MANILA - The lawyer of Kentex Manufacturing Inc. said the company “suffered a total business loss."
Despite this, he said the owners' families and friends have pooled their resources together for the initial compensation of survivors and kin of the victims in the massive fire last week, said Kentex lawyer Renato Paraiso.
In a press conference, Paraiso said the company “suffered a total business loss. They have no funds to compensate the employees, but the family and their friends pooled money for the immediate relief of employees.”
Each kin and employee, whether regular or agency-employed, was given P8,000 back pay and P5,000 assistance over the weekend.
He said he has yet to look into other company assets. As it is now, he said it’s hard to communicate with family members of the owners because they were also victims of the fire.
One owner is in the hospital for third-degree burns, while another is also confined after experiencing stress and trauma.
He said the company is insured, but he has yet to see the document to be sure.
“We’re just balancing our resources and our expected obligations. If we have excess, we would give it out,” he said.
A welding activity near combustible materials has been blamed for the massive fire that killed 72 employees at the footwear factory in Valenzuela City last week.
Investigators led by the Department of Labor and Employment (DOLE) are now probing whether or not the company followed work safety and labor standards.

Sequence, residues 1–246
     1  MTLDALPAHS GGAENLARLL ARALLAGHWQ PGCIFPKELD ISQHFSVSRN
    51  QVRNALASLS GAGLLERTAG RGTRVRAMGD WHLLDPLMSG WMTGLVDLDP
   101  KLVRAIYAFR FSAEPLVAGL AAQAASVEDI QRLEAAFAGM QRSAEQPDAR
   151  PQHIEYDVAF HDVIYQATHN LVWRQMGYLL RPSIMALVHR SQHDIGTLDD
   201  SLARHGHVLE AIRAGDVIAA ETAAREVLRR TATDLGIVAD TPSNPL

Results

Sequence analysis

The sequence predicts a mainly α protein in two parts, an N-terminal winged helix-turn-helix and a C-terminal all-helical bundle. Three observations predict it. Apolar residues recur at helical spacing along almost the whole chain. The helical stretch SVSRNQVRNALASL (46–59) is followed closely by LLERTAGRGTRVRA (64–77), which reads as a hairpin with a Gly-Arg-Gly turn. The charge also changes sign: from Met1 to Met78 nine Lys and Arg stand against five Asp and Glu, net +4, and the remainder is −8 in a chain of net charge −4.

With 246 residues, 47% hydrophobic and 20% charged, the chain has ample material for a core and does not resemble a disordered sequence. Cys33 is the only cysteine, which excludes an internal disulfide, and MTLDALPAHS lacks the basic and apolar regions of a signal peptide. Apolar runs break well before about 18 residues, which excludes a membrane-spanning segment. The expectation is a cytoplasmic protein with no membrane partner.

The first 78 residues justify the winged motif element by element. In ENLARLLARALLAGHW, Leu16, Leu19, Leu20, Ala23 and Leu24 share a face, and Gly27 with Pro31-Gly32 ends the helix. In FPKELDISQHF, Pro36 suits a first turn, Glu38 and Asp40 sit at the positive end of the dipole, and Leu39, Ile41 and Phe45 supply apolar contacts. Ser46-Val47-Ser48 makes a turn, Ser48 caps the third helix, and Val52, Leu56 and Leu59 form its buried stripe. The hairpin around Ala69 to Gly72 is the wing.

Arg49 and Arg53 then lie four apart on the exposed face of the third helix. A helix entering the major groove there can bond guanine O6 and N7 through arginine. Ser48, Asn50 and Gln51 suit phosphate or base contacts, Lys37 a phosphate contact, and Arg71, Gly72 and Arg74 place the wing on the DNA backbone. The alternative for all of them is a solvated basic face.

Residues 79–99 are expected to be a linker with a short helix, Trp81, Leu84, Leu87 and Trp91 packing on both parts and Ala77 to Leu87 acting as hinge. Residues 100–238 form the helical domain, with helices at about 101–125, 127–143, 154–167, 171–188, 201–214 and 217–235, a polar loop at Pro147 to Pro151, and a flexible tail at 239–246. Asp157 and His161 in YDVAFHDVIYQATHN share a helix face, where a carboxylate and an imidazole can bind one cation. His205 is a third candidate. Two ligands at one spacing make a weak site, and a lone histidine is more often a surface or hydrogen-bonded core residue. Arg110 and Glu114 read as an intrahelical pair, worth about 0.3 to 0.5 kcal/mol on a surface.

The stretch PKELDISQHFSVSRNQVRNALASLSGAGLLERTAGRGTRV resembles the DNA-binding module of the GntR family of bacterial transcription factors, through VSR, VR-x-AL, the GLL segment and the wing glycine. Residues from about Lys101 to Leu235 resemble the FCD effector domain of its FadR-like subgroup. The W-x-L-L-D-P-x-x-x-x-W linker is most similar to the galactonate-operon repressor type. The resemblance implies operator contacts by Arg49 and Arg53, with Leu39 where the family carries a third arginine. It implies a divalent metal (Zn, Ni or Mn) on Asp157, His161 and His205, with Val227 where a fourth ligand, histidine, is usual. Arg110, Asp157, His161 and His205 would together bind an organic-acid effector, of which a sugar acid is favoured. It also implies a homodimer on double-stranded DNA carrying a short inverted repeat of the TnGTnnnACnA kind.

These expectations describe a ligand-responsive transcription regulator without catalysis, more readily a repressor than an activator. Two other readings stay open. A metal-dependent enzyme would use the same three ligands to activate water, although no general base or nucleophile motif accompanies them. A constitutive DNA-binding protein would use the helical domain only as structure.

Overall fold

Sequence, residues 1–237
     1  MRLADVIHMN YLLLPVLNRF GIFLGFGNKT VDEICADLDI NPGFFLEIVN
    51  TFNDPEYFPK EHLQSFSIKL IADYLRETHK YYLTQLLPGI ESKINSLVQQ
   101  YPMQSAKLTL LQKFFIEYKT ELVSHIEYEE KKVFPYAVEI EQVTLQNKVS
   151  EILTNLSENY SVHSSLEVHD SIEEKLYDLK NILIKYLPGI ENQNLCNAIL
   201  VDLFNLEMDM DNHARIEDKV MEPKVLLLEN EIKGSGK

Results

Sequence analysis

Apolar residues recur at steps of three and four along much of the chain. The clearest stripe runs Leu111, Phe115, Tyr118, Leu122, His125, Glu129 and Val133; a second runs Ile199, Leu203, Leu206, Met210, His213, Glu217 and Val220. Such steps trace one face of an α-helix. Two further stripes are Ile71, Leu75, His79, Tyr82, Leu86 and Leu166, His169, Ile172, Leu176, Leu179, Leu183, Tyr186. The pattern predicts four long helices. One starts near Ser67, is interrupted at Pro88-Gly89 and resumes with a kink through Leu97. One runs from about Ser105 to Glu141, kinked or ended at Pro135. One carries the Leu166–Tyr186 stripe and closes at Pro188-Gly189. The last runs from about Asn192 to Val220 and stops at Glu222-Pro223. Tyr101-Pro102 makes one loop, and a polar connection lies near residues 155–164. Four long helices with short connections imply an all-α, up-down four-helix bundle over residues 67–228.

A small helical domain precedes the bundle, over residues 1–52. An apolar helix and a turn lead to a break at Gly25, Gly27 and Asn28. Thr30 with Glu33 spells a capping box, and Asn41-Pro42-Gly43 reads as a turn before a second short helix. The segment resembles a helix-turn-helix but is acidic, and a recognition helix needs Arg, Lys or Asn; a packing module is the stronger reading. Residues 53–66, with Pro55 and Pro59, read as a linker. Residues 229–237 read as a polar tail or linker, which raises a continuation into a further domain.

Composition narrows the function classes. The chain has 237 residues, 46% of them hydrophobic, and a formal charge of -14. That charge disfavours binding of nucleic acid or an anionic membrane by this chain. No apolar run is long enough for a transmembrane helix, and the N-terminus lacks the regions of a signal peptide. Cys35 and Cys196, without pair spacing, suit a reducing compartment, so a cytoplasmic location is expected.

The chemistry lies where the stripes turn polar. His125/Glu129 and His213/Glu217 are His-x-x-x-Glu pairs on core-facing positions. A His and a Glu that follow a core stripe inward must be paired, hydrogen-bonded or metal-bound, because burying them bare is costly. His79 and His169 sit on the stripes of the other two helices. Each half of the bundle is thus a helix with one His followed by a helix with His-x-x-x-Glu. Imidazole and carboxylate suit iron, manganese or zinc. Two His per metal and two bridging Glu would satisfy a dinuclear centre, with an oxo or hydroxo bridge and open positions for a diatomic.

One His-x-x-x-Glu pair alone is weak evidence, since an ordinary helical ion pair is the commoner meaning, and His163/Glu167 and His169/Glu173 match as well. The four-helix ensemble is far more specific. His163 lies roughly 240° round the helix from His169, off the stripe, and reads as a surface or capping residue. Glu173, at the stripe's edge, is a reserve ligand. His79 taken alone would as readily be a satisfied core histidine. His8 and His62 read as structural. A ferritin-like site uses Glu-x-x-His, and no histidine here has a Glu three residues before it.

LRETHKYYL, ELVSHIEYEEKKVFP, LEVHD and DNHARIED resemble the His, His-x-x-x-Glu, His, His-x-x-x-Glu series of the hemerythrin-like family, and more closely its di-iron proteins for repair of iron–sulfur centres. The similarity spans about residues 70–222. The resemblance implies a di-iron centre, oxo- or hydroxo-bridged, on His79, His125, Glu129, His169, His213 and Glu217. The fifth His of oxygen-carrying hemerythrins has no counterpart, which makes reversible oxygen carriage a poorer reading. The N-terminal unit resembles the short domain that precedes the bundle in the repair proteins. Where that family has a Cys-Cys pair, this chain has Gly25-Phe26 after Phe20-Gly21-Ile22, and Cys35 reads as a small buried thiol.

Paraiso denied that regular employees were underpaid. He also added the company had a “certificate of compliance,” which meant that the factory followed safety standards.
“We are one with the employees in resolving this right away. We want some sort of closure and vindication that this is an accident. The only way to prove that is through the investigation,” he said.
The employees of CJC Manpower Services are a different story, however. Most have complained of receiving below-minimum wages and non-remittance of their contributions to the Social Security System.
Labor Secretary Rosalinda Baldoz has described Kentex as “immoral.” Agence France-Presse quoted her as saying, “they are not only illegal, they are immoral. This employer, they don't have a sense of social responsibility.”
DOLE-NCR chief Alex Avila said their probe will look into how much Kentex and CJC owe the employees. But, “there is no amount that would be equivalent to the loss of a life.”
Avila and the other members of the DOLE panel met with Kentex on Wednesday to get necessary documents, such as the number of workers employed and proof of wage payments.
They were told that some of the documents were also burned.
Kentex was given until Friday to produce other documents.
“The basis of the probe is to also give them the chance to prove their side… In the end, DOLE wants social justice delivered in this case,” Avila said.